I ask, "Did you see Rama and Lakshman?"
"I could only see the start of the first battle. The immense able trained Rakshasas warriors with swords and arrows facing small animals with long sticks and stones. Everyone readied for war."
"Trijata?" I ask again, "Did you see Rama and Lakshman?"
Before she answered, Ravana comes with the cut head of Rama, Dizzy, I fell to the ground. Ravana laughs, "My General Prahasta killed him in the night while he was sleeping, now you are mine." His demands are interrupted by shouts of battles. Ravana tosses the head on the ground, smiling at me.
Trijata tells me the head of Rama is an illusion, which helps the demons scare others to win the battles. The chariot Pushpaka would not raise with Sita inside; you are not a widow."
Trijata hugs me and tells of her dreams, "Rama wins, and Sita freed of Ravana threats, forever. You will see Rama again."
Trijata asks with sadness, "Sita, please forgive the Rakshasas we fear the Daemon Ravana and do his bidding. We are not evil and want none of this. Ravana was to be a leader of great wisdom; he went the way of his jealous, angry grandfathers."
I notice the eyes of the god's wife smile at me. My Rakshasas guards do not look so ugly and peer at me as if asking my forgiveness.
Trijata says, "As a wasp, I will fly into the Ravana war council. A monkey prince, Angada, the son of Vali, Ravana ally comes to talk to Ravana."
Back to the Asoko trees, Trijata flies. "Angered Anyala said, "Rama will never leave until you give Sita back. You think being evil makes you better." Ravana threw Angala out. Ravana yelled and screamed this was his life, and he could have Sita. Ravana ordered General Prahasta with his warriors into battle."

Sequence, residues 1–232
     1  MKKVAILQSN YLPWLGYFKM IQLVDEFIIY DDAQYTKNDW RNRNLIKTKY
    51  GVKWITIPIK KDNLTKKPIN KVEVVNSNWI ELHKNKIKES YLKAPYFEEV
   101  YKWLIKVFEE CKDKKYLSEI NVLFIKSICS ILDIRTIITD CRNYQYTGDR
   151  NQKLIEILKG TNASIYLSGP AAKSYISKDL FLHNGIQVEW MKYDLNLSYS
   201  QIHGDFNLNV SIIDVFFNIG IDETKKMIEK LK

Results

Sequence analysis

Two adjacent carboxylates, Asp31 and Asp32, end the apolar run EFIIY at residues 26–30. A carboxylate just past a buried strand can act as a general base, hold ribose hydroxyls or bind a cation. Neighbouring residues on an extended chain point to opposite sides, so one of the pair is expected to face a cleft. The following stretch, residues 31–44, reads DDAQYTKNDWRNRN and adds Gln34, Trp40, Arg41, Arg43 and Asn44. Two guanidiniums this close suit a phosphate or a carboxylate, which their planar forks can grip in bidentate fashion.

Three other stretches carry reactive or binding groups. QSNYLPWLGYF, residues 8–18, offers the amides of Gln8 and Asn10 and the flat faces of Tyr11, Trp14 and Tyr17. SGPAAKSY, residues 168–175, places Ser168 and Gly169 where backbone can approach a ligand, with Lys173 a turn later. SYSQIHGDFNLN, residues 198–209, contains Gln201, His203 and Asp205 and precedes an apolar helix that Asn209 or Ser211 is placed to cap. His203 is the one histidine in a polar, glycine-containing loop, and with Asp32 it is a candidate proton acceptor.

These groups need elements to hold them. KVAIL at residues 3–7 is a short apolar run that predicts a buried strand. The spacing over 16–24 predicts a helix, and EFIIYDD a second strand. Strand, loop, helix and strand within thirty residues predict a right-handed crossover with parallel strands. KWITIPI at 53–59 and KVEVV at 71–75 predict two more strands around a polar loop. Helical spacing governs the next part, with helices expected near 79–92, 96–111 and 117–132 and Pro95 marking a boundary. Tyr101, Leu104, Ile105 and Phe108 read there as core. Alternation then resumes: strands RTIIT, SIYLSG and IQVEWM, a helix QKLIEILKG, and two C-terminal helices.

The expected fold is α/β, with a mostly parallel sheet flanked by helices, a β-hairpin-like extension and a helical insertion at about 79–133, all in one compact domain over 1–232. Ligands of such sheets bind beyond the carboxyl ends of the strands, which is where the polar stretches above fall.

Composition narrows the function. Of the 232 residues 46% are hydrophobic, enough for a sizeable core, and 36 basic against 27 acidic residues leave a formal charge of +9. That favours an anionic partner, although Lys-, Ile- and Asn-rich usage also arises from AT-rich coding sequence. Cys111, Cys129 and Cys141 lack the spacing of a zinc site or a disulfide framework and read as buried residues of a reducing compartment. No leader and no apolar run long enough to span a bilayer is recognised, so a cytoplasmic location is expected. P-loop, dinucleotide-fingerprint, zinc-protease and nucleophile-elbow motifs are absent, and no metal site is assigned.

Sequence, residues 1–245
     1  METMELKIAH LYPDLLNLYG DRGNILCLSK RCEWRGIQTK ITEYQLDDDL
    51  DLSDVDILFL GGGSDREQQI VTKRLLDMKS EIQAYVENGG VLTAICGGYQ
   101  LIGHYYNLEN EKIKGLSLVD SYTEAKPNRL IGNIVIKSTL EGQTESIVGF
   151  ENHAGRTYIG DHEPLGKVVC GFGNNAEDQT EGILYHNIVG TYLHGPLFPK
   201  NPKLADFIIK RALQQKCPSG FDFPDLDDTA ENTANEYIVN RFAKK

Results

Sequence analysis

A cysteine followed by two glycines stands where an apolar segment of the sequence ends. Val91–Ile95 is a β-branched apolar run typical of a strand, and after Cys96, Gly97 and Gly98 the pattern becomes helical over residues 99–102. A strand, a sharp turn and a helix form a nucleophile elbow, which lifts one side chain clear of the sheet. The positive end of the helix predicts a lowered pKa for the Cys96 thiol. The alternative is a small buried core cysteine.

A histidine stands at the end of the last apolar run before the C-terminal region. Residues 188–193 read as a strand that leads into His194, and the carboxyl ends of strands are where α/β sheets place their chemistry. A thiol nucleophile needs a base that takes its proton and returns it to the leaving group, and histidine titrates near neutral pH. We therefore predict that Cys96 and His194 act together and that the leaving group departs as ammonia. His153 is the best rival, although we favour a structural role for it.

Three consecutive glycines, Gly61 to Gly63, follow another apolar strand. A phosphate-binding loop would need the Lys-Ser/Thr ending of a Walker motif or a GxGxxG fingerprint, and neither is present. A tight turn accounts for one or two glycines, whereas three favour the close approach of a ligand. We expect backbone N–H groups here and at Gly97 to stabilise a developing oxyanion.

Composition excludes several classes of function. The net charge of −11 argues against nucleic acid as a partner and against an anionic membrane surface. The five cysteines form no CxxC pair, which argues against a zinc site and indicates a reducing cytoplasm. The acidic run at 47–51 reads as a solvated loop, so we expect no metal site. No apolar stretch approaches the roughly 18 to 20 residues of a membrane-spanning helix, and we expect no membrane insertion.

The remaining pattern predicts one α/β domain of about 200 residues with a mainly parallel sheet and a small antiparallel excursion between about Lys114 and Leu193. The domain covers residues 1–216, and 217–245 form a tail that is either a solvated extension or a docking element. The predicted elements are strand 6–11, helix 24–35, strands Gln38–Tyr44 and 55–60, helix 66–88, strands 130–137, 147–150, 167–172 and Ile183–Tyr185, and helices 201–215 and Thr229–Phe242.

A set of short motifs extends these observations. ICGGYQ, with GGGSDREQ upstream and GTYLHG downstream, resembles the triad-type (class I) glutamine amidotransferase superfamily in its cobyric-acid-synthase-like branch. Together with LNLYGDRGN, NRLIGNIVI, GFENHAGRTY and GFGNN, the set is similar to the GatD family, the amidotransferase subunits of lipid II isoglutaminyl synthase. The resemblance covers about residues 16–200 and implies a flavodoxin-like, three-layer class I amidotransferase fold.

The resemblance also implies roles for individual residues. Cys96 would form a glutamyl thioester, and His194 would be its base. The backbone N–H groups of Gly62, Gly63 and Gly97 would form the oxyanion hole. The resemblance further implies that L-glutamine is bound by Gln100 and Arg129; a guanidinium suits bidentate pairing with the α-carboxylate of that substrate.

Off the wasp flies again. I wait impatiently pacing listening for sounds of Rama's voice. Returning after hours, Trijata is excited. My Rakshasa guards gather to hear the news.
"First fighters were the 3rd, and 2nd ranked Warriors. Ravana said easy to take over the mere men animal monkeys, bears, and lions. And seeing these creatures armed with clubs and stones, these warriors retreat into the city.
"Next brings General Prahasta bring on the 1st class elite Warriors, who are never defeated. General Prashasta drank a glass of elixir and ate the hottest peppers. Fire came from his mouth, his chariot armed with knives. The warriors screamed the war pledge for battle and raced through the city gates. The monkeys and bears ran, throwing rocks. Split by the general armies they retreat. Then, Nala, who built the bridge, throws something through his weight and the mountain of Lanka lurched upsetting the balance. Then Nala threw a wheel of the chariot at the General Prahasta, who dead with flames coming from his mouth. Dead bodies are everywhere."
We hold my hands while she talks. Then off she flies as a wasp. Relieved, I sit on the ground, then I laid on the ground, and looked into the sky while hearing shouts of death and victory. I watch the gods, Brahma, Shiva and Prihivi, the thousand-eye Indra, Vayu, the wind, Surya, the sun, and Narada, the Heavenly Poet, observing the battles. My concentration interrupted by Trijata.
"The worst happened." The Rakshasa women gather. "Ravana's Son, Indrjita, master of allusion, has a boon he can be invisible and has snakes as ropes, which tied up Rama and Lakshman.They almost died. Animals have powers. Suddenly, Garanda, the king of birds, appeared in the sky and ripped the snakes from Rama and Lakshman."